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They’re big, juicy and filled with flavours that leave mouths watering and eyes popping. And after five years, the burger trend is still making noise across Australia, increasing in popularity every day.
The burgeoning burger trend has outlasted majority of food trends that have swept across kitchens and menus. But as the love for burgers lingers around, so does our obsession for new tastes, flavours and social media.
With customers always wanting bigger, better and tastier, chefs are continuing to push the boundaries to deliver the next picture-perfect burger. Ensuring the burger is ready for its glamour shot at all times is just as important as cooking the patty correctly and having a generous amount of sauce.
As of last month, the #burger tag on Instagram had been shared 13.5 million times. Within the tag, there are millions of pictures taken of burgers dripping in new sauces and generously bulging at the seams with out-there ingredients.
So, as more customers continue to share pictures of their over-crowded burgers on social media, does this prove it is the end of the plain, simple burger? Is it time to move past the perfect burger that doesn’t need to be cut in half to consume?
While Australians continue to opt for oozing burgers that don’t even fit in two hands, burger experts insist there is always a place on the menu for a traditional offering. Royal Stacks executive chef, Terri Tep told Goodman Fielder Food Service the need and desire for simplicity is making its way back to menus.
Find out what the experts do. This infographic will help you build the perfect burger.
“The trend has been stripped way back to really simple, basic food and we are very fortunate to have burgers be one of those foods that is ever so popular,” she said. Down N’ Out creative director, Ben Kagan echoed her comments, explaining customers are now beginning to opt for flavour over filling.
“We like experimenting and doing things that are interesting,” he said. “But people are now going away from the large, over-the-top burgers and going more towards interesting flavours and different combinations”.
When it comes to creating the perfect burger that is jam-packed with flavour but still simple, Terri and Ben agree it’s all reliant on the patty and bun. “For the best burger, the meat for the patty has to be right, it has to be juicy, it’s got to be fresh and 100 percent Australian beef,” Terri explained.
Ben agreed, stating: “A really good beef patty and a really good bun – they’re the two most important things. We use wagyu patties because the fat content is a lot richer, meaning it has a bit more flavour.”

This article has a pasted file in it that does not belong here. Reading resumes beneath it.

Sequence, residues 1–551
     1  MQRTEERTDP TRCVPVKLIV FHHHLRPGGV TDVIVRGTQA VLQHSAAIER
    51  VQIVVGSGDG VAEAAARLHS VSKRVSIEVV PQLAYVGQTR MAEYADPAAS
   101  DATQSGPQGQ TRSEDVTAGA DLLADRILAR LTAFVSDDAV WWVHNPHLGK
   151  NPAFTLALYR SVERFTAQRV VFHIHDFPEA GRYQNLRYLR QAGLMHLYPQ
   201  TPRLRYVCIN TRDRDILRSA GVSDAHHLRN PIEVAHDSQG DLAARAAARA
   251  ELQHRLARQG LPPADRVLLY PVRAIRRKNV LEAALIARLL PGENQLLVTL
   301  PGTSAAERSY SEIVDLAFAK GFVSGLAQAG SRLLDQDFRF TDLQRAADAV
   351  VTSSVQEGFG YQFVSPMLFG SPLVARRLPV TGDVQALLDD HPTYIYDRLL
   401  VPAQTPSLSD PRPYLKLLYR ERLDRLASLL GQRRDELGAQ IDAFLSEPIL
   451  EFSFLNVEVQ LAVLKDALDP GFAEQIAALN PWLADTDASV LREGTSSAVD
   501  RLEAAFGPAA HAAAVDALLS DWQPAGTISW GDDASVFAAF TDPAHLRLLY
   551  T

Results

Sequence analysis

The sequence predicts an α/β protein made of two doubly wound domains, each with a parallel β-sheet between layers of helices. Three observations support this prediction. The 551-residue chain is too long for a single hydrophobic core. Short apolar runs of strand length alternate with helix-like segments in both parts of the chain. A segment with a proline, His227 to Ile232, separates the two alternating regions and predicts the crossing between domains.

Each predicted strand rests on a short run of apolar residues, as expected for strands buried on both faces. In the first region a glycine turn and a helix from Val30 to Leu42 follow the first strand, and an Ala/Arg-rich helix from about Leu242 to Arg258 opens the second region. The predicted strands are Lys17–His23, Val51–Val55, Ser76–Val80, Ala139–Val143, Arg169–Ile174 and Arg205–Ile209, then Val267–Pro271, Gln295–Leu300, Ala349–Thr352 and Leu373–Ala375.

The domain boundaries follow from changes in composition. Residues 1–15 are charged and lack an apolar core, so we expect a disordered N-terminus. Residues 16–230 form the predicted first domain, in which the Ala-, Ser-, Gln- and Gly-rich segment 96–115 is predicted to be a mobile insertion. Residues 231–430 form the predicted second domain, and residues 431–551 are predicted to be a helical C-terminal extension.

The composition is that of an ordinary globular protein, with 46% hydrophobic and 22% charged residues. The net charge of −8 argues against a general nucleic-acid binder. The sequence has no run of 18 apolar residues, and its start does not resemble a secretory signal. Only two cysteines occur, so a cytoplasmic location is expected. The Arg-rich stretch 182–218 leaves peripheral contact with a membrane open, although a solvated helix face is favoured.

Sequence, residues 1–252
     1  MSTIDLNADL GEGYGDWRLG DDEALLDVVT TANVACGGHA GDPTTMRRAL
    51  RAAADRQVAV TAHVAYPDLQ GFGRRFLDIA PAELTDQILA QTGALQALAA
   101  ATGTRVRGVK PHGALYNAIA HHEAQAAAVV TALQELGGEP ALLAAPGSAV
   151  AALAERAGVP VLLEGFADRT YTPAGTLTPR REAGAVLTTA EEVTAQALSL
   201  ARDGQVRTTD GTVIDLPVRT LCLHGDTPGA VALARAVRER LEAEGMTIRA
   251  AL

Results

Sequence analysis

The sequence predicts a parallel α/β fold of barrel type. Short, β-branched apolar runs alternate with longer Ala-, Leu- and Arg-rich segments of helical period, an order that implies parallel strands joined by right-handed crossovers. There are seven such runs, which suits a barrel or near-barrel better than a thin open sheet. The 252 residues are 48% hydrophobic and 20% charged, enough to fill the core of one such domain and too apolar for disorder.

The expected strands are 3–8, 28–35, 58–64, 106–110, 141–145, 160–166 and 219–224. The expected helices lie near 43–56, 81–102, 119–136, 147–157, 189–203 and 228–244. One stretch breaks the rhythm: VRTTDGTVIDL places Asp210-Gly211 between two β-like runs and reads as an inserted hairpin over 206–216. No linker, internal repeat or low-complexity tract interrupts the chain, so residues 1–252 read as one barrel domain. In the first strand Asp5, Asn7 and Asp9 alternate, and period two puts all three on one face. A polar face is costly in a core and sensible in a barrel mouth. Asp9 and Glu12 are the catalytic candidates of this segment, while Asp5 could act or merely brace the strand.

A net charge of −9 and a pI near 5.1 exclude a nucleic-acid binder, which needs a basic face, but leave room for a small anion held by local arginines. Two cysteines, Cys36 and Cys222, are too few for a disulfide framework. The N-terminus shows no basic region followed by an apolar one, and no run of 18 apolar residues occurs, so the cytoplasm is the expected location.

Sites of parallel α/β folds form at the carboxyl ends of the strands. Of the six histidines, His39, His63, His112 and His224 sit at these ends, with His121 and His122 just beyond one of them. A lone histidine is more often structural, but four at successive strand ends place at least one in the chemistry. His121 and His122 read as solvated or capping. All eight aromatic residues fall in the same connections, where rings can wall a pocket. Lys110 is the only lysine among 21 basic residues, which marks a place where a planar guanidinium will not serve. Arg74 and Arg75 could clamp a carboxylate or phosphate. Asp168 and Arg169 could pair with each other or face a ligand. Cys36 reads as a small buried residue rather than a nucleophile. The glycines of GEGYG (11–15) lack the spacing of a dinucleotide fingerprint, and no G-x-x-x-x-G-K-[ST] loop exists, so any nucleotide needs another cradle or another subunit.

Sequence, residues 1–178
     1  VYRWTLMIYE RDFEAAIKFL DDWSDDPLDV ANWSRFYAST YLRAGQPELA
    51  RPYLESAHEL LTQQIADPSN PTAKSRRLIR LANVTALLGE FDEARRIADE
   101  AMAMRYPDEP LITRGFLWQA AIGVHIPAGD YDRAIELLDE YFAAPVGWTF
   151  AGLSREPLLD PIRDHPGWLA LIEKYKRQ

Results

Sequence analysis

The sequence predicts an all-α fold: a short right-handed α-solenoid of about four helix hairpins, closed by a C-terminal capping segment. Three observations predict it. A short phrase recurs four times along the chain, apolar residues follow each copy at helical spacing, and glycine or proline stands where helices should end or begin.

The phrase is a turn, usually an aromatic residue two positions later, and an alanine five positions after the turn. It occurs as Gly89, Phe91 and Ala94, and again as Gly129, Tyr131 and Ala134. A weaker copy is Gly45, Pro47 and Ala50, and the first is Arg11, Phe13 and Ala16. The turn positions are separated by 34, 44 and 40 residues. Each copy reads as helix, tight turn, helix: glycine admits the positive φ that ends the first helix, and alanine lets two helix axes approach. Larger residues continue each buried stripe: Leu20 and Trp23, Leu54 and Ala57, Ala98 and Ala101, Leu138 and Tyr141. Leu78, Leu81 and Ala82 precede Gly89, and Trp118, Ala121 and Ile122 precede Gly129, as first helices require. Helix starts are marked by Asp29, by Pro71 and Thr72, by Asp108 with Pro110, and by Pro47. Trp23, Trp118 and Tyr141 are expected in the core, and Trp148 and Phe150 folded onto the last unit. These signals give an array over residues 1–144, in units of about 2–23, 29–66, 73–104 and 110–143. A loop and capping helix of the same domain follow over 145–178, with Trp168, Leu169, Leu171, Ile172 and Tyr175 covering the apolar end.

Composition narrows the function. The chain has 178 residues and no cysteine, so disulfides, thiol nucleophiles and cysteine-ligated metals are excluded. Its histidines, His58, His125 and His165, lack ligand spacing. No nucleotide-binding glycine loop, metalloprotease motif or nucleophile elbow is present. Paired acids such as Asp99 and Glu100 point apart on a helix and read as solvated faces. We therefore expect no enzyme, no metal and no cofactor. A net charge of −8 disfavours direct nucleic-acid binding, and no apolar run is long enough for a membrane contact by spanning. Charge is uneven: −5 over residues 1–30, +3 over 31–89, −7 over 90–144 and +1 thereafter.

When it comes to perfecting the patty during the cooking process, fellow burger expert Bobby Flay told Mental Floss chefs need to make an indentation at the centre of each patty before it hits the stove. “This does two things. One, it prevents flying saucer-shaped burgers – the ones all puffed up and bulging in the centre.
“As the meat cooks and expands, the depression magically disappears, leaving you with beautifully shaped and cooked burgers. Two, it prevents the burger patty from shrinking [and not fitting on the bun],” he continued to explain.
But when it comes to finding the right buns, texture and freshness wins. “In regards to the bun, it needs to be fresh, that is really important. We prefer milk buns as opposed to brioche, which was big a couple of years ago,” he explained while adding they made the switch due to the brioche being sweet and buttery, which “takes away from the rest of the burger.”
Terri went on to add: “Having the right textured bread, alongside the freshest and best ingredients will provide you with an overall perfect burger.” Along with the perfect patty and bun, supplying the right sauce has also been pushed to the top of the list when it comes to forming the perfect burger.
“Special burger sauce is hot right now,” Terri said. “More people are starting to use it or they have their own take on special burger sauces on the menu. With a mayonnaise base, it has ingredients such as tomato sauce, mustard, gherkins and a few spices like cayenne pepper and paprika. It’s that real sort of classic sauce,” she added.
While the market begins to head towards simplicity, burger experts insist there is still a need to produce over-the-top, gigantic burgers. “There is always such thing as too much but just like with any food, burgers are really personalised to your liking,” Terri explained.
“Some people love small, simple burgers and other people like the over the top burgers,” she continued. “These people like to customise their burgers to their liking, whether it is adding extra patties, fried chicken, mac and cheese croquettes.”
Ben added that his team have used the opportunity to experiment with ingredients that are usually forbidden in a dish like burgers. “We have done over 100 specials, with some really unusual ones,” he said, adding: “We have crumbed chicken in bacon before… we have also done Cheezels, fried bacon and mac and cheese patties.”
Whether it is simple or over-the-top, Australia’s love for burgers is still thriving. A report conducted by IbisWorld detailed how the burger market grew its yearly revenue to $4.2 billion in March 2016, with it expected to reach to $7.6 billion by the end of 2019. The report believes the growth within the industry was further boosted by the partnership with delivery services such as Uber Eats and Deliveroo.